its funny; I've walked past this antiquarian bookstore many times, and I've never really paid much attention to it. I've looked into its windows with a sense of wonder at all the old leather bound books, but its never occured to enter and have a look. I was walking past it yesterday when their window display caught my eyes. Type specimens, printing and type history, biographies and more. I was stunned. It had never occured to me to look in here for type books. But I was spell bound by the possibility of what lay instore. Unfortunately, it was closed, so my anticipation would have to wait another day. Today was that day. Their collection was small but beautiful. Stanley Morison, Eric Gill, a Plantin specimen book, Australiana and some luscious letterpress examples. All at a decent price, in good condition, and the building is magnficent. I'll definately be back to buy as much as I can afford. Their website is comprehensive, and they have a whole section devoted to typography where you can browse their collection. I suggest you do.
Say what you wil about obsessive type freaks, but would you really want this to be the last font you ever see? Times New Roman? Seriously? I'm not asking for some over designed user interface with soft bevels and a slight gradient, but this?
Speaking of Times, I was catching up on a few years of Typeradio and came across a great episode about the history of Times. Seems the great Stanley Morrison was a bit of a thieving backstabbing hack. Check it out here.
If you're ever in the market for a notepad, and you're after something a little bit different than your usual skivvie black, go down to the Rose St Artists Market on a saturday morning and pick yourself up one of these from Rebound Books. It's a really nifty (why didn't I think of that) idea, and one that works really well, and is much better than the rest of the stuff out there. They take old out of print vintage books, and rebind them as notebooks.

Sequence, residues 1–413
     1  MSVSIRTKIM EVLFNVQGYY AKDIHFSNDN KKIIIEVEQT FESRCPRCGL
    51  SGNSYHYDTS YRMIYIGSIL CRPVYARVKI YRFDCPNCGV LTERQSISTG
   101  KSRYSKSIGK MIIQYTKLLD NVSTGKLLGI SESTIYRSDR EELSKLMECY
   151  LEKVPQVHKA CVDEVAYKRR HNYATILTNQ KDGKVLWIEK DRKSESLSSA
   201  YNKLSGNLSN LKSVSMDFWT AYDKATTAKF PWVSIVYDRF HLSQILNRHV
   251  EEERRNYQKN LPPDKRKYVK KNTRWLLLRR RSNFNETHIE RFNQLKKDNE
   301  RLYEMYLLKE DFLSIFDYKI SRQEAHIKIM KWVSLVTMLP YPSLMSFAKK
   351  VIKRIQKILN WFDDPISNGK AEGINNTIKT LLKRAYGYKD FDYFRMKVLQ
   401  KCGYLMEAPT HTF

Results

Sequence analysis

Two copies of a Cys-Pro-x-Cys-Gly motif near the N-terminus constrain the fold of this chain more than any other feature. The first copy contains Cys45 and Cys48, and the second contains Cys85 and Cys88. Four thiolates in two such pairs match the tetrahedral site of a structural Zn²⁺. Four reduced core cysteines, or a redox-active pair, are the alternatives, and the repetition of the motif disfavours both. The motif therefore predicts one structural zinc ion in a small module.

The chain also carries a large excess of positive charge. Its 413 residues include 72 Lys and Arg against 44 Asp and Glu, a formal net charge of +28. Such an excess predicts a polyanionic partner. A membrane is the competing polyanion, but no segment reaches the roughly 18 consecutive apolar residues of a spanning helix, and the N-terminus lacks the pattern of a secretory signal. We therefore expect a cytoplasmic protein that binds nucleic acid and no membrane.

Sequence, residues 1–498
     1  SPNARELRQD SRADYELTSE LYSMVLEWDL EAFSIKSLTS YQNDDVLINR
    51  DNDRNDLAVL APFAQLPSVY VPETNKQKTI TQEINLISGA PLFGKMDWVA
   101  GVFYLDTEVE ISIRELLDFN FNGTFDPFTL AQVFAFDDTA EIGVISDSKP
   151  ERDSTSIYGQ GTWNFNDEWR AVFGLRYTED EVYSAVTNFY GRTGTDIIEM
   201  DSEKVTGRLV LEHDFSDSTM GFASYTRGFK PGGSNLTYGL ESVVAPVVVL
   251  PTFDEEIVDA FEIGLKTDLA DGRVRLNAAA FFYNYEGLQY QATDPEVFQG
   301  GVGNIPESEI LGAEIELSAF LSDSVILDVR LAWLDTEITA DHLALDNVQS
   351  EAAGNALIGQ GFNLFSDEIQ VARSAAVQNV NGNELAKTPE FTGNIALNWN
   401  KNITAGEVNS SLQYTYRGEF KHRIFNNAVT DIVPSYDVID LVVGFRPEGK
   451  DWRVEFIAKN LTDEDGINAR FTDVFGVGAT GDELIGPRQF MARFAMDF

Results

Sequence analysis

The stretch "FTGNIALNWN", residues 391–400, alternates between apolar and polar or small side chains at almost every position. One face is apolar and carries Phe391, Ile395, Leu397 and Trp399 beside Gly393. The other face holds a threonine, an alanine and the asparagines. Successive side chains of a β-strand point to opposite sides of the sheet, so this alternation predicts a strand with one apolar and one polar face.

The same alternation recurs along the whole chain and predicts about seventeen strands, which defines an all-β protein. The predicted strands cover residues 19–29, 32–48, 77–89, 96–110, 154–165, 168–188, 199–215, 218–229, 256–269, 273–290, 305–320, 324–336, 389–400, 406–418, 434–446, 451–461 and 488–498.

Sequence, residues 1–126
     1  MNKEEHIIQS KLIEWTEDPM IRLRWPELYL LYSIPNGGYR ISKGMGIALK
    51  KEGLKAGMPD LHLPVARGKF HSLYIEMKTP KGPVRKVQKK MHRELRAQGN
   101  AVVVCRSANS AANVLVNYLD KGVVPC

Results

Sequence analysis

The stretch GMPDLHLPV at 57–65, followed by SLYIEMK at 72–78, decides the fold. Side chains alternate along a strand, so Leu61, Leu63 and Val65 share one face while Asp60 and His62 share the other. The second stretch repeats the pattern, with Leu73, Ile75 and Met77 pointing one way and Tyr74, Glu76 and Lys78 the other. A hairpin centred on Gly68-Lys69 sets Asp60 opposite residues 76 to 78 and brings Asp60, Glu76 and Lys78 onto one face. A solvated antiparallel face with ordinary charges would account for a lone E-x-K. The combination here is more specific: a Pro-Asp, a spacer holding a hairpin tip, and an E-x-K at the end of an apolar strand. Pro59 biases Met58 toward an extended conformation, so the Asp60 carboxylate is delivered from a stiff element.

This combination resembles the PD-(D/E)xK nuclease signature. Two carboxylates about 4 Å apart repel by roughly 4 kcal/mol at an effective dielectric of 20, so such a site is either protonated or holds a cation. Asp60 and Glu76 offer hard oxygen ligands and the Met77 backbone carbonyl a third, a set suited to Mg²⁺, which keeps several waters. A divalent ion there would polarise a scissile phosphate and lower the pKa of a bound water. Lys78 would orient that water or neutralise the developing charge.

They have a great collection, and you can always find something that fits your mood for the day. You can either go for some lovely type, a cutesie picture, or a choice pattern if you're that way inclined. Truth be told, I don't like the choice of the blue paper that they put in my book, but that's my only complaint. To make up for it, they leave a few choice pages from the book, leaving you with a nice warm fuzzy history feeling inside.
You can find their website here, and a little bit of homework on my behalf has just revealed that not only do they sell their wares at a few other markets and shops around town, but they have an online store as well. I'm sure a few finicky types might lament the loss of literature in the name of commerce, but who cares when they look this cute.
Truly a great shop-cum-wunderkammer. One of the grandest examples of a walk in Cabinet of Curiousity one is likely to find in a commercial setting. The people behind it really know what they're doing, down to the smallest (or grandest) detail. The place has a great tongue in cheek way about it, from the huge deer heads, collections of antlers, stuffed birds, science instruments down to the jesus and mary statues. Its down at 60 Chapel St if one should ever want to see.